Field of Science

Paul Schleyer: Among the last of the universalists

I was saddened to hear of the passing of Paul Schleyer, not exactly a household name among non-chemists but someone who was undoubtedly one of the most prolific and towering chemists of his time. Schleyer started out in synthetic physical organic chemistry and then moved to computational and theoretical chemistry. Starting out at Princeton, he moved to Erlangen in Germany and finally settled down at the University of Georgia, helping to make each one of these centers a leading hub for theoretical chemistry.

Schleyer was definitely one of the last universalities - at least in the theoretical territory of chemistry - and had a definitive grasp of almost every aspect of the field; from NMR spectroscopy (he came up with the valuable NICS metric for chemical shifts) and ab initio quantum chemical calculations to non-classical carbocations, lithium compounds and strained hydrocarbon synthesis (he synthesized adamantane, for instance). Most people are content to be experts in one or two fields, but it's probably not an exaggeration to say that Schleyer was close to being an expert in most of these fields. During his career he also seems to have co-authored papers and books with virtually every prominent figure in the field, from George Olah to John Pople to Jack Roberts. His publications on these and other parts of chemistry were prolific and deep, and he was also not one to shy away from spirited debate. I had the pleasure of watching him give a talk once and it was clear that he was a formidable opponent whose knowledge of chemistry would almost always supersede that of his 'adversaries'.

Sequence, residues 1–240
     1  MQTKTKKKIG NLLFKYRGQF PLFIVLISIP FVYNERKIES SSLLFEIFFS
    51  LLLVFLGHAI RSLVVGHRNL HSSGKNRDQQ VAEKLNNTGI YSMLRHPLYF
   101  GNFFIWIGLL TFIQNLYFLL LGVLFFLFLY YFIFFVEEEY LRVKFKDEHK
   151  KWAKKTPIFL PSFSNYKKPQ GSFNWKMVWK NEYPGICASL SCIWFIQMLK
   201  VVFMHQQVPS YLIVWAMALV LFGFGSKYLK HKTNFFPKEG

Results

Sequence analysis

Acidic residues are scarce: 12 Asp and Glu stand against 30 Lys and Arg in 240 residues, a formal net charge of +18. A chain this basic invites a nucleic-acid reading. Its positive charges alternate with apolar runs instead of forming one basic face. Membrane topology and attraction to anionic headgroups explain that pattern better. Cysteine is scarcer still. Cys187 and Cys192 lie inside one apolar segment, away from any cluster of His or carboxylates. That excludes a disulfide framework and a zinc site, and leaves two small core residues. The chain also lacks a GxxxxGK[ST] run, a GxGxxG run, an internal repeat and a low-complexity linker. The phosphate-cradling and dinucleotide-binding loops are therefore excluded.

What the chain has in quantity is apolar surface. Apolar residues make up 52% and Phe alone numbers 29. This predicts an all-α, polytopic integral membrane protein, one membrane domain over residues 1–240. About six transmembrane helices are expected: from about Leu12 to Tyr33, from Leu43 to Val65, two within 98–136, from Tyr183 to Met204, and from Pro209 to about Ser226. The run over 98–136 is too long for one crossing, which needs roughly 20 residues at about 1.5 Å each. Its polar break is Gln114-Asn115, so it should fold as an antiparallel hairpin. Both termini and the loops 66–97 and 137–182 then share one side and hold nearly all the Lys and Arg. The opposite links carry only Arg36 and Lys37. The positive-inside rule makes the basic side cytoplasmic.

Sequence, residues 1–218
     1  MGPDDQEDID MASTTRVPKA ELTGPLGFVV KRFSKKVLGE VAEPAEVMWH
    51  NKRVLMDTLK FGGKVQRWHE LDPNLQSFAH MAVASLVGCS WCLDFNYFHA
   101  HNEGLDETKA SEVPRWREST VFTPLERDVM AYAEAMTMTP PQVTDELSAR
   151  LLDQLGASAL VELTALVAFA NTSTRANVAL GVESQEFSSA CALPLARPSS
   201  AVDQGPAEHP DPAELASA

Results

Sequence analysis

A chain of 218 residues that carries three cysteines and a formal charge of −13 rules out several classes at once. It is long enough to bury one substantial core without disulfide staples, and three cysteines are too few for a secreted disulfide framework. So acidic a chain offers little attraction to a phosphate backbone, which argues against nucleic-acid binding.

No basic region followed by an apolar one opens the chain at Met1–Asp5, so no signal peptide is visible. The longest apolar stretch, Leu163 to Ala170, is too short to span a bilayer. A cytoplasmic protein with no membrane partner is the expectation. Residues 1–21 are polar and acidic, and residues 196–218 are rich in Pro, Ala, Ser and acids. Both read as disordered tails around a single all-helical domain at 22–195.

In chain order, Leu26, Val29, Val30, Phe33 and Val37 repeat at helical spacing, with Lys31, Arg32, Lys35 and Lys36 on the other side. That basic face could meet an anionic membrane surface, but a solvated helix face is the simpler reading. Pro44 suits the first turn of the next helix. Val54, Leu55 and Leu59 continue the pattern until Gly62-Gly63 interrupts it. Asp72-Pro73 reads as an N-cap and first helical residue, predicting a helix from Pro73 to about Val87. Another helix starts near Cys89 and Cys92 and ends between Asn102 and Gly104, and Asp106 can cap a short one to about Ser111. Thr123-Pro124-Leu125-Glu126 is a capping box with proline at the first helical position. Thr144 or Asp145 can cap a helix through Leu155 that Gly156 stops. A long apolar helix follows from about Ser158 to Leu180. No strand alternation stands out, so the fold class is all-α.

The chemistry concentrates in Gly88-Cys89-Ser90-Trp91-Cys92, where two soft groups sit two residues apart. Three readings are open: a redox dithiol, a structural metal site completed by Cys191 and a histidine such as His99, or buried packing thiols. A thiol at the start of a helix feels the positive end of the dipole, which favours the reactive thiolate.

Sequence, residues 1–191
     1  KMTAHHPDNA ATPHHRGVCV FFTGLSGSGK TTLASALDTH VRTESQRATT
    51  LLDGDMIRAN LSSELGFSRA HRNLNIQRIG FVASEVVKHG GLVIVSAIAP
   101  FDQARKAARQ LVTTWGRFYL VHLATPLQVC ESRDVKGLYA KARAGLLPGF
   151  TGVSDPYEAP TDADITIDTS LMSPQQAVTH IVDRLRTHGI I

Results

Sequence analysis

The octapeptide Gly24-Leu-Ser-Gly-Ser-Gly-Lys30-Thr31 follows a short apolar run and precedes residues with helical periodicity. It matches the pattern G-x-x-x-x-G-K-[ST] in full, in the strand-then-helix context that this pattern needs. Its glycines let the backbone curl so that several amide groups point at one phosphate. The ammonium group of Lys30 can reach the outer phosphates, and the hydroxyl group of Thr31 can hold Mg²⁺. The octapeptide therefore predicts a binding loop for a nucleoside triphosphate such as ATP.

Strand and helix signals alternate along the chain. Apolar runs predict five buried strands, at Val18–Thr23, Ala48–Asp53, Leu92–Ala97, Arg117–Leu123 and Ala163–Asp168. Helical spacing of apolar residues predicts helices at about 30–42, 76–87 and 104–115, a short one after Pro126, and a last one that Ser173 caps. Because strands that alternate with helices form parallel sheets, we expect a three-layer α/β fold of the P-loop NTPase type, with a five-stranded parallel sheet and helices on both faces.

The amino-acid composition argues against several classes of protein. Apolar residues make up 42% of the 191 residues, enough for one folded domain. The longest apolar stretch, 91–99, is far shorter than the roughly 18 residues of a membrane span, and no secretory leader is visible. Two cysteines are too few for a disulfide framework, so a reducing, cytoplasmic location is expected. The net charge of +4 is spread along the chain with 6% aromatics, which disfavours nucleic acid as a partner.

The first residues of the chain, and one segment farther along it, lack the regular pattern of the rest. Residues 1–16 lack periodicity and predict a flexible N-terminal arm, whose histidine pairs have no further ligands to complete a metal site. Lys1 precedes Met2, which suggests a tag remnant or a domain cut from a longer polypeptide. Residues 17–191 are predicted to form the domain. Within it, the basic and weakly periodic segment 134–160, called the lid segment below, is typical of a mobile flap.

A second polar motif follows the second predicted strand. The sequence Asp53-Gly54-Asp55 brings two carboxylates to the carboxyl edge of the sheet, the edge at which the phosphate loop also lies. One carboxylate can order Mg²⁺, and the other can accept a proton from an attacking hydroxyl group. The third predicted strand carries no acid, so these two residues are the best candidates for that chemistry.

In fact that last aspect of his personality was on full display the first time I encountered him. This was as a graduate student when I came across a charming and very readable account of his debate with Herbert Brown on the infamous and invaluable non-classical carbocation debate. Titled "The Non-Classic Ion Problem", this little book is structured as a series of points and counterpoints in every chapter offered by Schleyer and Brown. The constant back and forth, the dissection of minutiae of solvents, reaction rates and spectroscopy, and the general unyielding yet cordial personalities of the two men are fascinating to watch. It's pure, unadulterated scientific debate at its best.

Schleyer was definitely one of the last and greatest practitioners of the golden era of physical organic chemistry, a time when chemists dedicated their lives to exploring the fundamentals of chemical reactions and structure with vigor and rigor. He is one of a handful of figures on whose shoulders we all stand and will be genuinely missed.


  1. Oh no, this is terrible. He was both passionate and courteous in my dealings with him, and an absolute fountain of knowledge. I hope his contribution gets the recognition it deserves.

  2. For what Dr. Schleyer was like as an undergraduate advisor see



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